British Army tests electric motorcycles for military airdrops


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The British Army is currently testing the tactical advantages of its new Sur-Ron Firefly electric motorcycle, which would be included in military airdrops with paratroopers.

With a peak power of around six kilowatts, the lightweight, stealth electric motorcycle produces much lower sound and thermal signatures than gasoline-powered motorcycles, making it suitable for military operations in hostile environments.

The Firefly can travel at a top speed of 40 to 45 miles (65 to 72 kilometers) per hour and is built with long-travel suspension and trail tires for rugged off-road riding.

The 47 kilogram (103 lb) motorcycle is equipped with upgradeable belt kits, allowing the drive chain to be a quieter carbon fiber reinforced belt for reduced noise.

The developers gave the electric motorcycle a lightweight design for airdrops from airplanes and helicopters.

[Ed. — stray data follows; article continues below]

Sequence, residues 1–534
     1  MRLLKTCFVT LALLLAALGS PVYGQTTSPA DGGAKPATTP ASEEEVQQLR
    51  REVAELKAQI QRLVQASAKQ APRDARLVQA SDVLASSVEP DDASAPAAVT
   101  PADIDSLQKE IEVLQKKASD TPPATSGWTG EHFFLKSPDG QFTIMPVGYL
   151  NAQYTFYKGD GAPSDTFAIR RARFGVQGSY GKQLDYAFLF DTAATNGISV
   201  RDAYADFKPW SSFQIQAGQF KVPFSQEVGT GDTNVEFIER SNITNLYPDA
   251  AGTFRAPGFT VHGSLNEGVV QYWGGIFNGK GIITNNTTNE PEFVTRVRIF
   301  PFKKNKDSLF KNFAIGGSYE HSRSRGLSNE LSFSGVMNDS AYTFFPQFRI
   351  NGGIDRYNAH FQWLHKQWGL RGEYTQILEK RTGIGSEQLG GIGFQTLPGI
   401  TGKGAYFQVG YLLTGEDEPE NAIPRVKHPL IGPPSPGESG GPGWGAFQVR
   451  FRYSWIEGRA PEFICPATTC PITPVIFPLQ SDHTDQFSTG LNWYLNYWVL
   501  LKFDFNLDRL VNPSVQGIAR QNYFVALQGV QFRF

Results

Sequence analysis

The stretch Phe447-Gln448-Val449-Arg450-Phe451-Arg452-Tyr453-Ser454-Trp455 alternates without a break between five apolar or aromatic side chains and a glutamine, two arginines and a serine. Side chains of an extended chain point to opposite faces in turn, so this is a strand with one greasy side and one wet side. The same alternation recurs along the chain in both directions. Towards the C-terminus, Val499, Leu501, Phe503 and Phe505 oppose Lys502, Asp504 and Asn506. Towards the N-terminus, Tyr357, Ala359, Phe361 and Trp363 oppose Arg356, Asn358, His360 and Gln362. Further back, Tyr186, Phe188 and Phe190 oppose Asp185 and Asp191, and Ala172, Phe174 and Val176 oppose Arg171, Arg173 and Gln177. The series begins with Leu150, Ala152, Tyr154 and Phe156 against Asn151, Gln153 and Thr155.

“Need for air portability”

Captain of the British Air Assault Brigade Dan Lauder Recount American news site Elektrek that the Sur-Ron Firefly trials will provide a better understanding of the military advantages of the electric bicycle and how the British military could use them in ground missions.

He added that the exercises conducted in France could help the service identify the potential implications for allowing the bikes to work with other vehicles in service.

“One of the main reasons we are interested in using motorcycles is the need for air portability and, in particular, airdrops,” Lauder said. “The good thing about such a small vehicle is you can put it in the back of helicopters, you can put it under a helicopter, you can get several in the back of an airplane. , and then also, potentially, you could drop it from the back of an airplane under a parachute.

In addition to meeting the need for air portability within the military, the captain stressed that the new vehicle would provide the service with improved strategic mobility. The motorcycle could go “quite far, quite quickly and relatively easily”.

“Acquire increased military attention”

Last month, the United Arab Emirates Special Operations Command demonstrated how a pair of electric motorcycles can be side mounted on a Sikorsky UH-60 Black Hawk helicopter using an external magazine support system.

In addition to the United Kingdom and the United Arab Emirates, several countries are said to have integrated electric motorcycles in their parachute and special forces units. According to iNews, the Danish armed forces and another NATO member tested high-powered e-bikes for tactical purposes.

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